Ukrainian President Volodymyr Zelenskiy has called on NATO, EU and G7 countries meeting in Brussels to help kyiv fight the Russian invasion, which has killed thousands and driven out a quarter of the country’s 44 million inhabitants of Ukraine.

“We are determined to continue to impose costs on Russia to end this brutal war,” NATO Secretary General Jens Stoltenberg told leaders gathered at the headquarters of the Western military alliance.

“We will discuss Allied support for Ukraine. We will also discuss NATO efforts to strengthen our defenses now and for years to come.”

US President Joe Biden said during the closed session that he favors sending more troops to NATO’s eastern flank, a senior US administration official said, adding that Washington was working to support Ukraine with anti-ship missiles.

NATO, however, rejected repeated pleas from kyiv to defend Ukrainian skies against Russian airstrikes, and Zelenskiy – who joined the NATO summit by video call – complained that the West had not equipped with modern tanks or anti-missile systems.

NATO would also not send troops or planes to Ukraine, Stoltenberg reiterated as two media outlets in his native Norway announced he would remain at the helm of the alliance beyond the end of his term. current term later in 2022 due to war.

“NATO has yet to show what the alliance can do to save people,” Zelenskiy said at the summit, adding that he believed Russian President Vladimir Putin also wanted to attack eastern members of the NATO. NATO – Poland and the Baltic States.

Putin says his “special military operation” is aimed at disarming Ukraine, whose aspirations to join NATO and the EU are anathema to Moscow.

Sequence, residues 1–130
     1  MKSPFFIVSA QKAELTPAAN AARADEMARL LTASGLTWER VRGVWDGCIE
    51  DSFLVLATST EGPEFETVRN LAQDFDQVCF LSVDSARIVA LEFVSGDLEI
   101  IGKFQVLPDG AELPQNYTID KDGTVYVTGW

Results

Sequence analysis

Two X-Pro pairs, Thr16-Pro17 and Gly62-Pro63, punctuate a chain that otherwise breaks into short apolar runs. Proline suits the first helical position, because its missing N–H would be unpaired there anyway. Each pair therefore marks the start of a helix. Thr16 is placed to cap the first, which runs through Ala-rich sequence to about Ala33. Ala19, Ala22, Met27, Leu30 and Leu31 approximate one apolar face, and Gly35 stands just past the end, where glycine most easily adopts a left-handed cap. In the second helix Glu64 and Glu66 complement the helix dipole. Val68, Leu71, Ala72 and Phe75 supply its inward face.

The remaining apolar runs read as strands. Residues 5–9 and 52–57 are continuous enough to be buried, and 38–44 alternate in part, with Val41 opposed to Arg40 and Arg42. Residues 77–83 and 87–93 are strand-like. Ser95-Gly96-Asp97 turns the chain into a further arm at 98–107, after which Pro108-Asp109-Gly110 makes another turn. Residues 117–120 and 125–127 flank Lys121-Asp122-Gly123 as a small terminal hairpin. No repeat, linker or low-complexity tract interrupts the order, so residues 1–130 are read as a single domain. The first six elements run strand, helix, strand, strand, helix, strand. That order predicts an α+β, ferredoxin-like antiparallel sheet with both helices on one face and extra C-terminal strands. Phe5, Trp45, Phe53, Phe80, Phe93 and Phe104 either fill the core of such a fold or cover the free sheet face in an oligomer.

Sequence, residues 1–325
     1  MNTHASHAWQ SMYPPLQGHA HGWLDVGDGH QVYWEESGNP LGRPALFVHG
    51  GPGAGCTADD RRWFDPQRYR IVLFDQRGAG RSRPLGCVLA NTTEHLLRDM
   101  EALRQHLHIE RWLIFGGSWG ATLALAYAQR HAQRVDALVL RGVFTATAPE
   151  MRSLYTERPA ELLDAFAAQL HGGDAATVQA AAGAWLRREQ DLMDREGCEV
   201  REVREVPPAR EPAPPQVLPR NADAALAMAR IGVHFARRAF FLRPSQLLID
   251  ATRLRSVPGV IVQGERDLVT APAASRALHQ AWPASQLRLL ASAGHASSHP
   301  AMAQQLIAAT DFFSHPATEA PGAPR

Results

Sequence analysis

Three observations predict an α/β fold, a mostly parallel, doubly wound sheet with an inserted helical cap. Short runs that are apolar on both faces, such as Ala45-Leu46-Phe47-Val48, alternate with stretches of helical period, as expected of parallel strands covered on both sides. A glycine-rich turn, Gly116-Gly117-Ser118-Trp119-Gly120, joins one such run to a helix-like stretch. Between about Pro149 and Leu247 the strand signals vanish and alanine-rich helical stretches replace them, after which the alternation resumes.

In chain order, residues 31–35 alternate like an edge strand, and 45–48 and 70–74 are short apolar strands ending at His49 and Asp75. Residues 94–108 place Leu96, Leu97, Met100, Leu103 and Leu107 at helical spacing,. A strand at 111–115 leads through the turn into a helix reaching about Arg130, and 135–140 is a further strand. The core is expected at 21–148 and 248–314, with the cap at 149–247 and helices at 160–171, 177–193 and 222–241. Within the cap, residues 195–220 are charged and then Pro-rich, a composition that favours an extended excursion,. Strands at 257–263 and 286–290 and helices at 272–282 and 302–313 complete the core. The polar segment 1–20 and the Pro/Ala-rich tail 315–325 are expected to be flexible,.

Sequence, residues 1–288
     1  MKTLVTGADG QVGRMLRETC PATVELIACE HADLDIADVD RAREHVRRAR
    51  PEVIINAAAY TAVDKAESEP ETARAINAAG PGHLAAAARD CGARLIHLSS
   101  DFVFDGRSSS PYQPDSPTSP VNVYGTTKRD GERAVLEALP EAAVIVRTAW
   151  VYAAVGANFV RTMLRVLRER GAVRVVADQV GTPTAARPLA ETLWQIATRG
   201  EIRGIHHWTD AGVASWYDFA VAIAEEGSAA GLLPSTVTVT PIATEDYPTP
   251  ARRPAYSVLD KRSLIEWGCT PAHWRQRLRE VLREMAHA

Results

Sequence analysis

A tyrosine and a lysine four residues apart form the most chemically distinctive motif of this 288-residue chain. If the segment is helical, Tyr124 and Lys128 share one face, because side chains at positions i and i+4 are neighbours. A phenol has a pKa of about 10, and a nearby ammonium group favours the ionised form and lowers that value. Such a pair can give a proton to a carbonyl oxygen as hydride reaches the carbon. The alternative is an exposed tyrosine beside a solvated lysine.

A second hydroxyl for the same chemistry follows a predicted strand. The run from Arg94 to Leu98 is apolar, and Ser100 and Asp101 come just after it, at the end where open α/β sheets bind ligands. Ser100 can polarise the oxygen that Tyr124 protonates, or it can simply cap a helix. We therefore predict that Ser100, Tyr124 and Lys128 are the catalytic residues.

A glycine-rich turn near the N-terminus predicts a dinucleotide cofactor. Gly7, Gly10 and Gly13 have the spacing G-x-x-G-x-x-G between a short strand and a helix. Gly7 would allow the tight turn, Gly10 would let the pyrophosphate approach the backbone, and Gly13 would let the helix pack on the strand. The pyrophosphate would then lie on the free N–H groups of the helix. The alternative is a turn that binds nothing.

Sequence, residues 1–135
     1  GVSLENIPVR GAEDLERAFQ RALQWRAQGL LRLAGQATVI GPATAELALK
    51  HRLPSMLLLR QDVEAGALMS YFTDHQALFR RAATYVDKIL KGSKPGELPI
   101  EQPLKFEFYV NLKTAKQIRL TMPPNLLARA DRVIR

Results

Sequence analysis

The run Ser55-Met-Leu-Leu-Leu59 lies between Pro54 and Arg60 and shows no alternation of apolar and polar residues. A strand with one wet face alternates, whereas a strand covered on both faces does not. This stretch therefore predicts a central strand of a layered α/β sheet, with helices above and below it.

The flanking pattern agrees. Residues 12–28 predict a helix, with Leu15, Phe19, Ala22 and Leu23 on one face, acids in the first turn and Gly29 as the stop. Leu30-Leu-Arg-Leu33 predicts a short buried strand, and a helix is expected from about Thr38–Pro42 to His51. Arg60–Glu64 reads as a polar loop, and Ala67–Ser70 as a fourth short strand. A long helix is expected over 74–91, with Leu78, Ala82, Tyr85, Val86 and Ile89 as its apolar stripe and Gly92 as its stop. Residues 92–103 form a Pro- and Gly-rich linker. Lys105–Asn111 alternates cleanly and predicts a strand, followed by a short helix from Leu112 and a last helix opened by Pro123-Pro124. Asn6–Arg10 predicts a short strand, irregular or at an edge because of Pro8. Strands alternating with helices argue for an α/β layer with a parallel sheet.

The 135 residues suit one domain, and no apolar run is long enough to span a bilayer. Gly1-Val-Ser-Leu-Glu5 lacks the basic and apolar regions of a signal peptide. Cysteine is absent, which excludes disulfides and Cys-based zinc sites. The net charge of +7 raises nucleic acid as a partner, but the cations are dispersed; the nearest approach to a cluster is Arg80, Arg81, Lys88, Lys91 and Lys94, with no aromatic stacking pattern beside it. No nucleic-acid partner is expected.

NATO has increased its presence on its eastern borders, with some 40,000 troops spread from the Baltic to the Black Sea. The summit was to agree on the deployment of four new combat units in Bulgaria, Romania, Hungary and Slovakia.


A NATO official estimated that up to 15,000 Russian troops have been killed in Ukraine so far and a total of 40,000 have been killed, wounded, taken prisoner or missing.

The month-long land, sea and air assault targeted residential areas, schools and hospitals in Ukrainian cities including Kharkiv, as well as the headquarters of Mariupol on the Sea of ​​Azov. Russia denies targeting civilians.

Britain on Thursday sanctioned another wave of Russian banks, including Gazprombank and Alfa Bank, as well as a woman who London said was the daughter-in-law of Sergei Lavrov, Putin’s former foreign minister.

“Putin has already crossed the red line into barbarism,” British Prime Minister Boris Johnson said, adding: “The tougher our sanctions…the more we can do to help Ukraine…the sooner this case can end”.

Johnson earlier told LBC radio that one option was to see if more could be done to prevent the Russian president from accessing his gold reserves, which could prevent people from buying Russian gold. to convert it into hard currency.

The resolve to punish Moscow with massive sanctions will be underscored by an emergency G7 meeting of advanced economies, which will bring Japan into the room with six NATO members.

Then, with a 27-nation European Union summit, countries representing more than half of the world’s gross domestic product will come together in one day.

“Cripple Putin’s war machine. Oil and gas are the heart of it,” Estonian Prime Minister Kaja Kallas said. “We should create a special third-party account to prevent the revenues from being used to finance the war.”

The EU – which says it has already taken in some 3.6 million Ukrainian refugees – is only slowly moving away from Russian gas and still depends on Moscow for a large part of its energy needs.

Energy has been largely omitted from the sanctions, the biggest loophole in the measures that have otherwise frozen Russia from world trade to a degree never before attempted on such a large economy.

European leaders are expected to agree at their two-day summit to jointly buy gas, and Brussels is also hoping for a deal with Biden to secure additional supplies of US liquefied natural gas for the next two winters.

(Reporting by Marine Strauss, Benoit Van Overstraeten, Philip Blenkinsop, John Irish, Kate Abnett, Jan Strupczewski, Writing by John Chalmers, Ingrid Melander and Gabriela Baczynska Editing by Peter Graff)

By Jarrett Renshaw and Sabine Siebold

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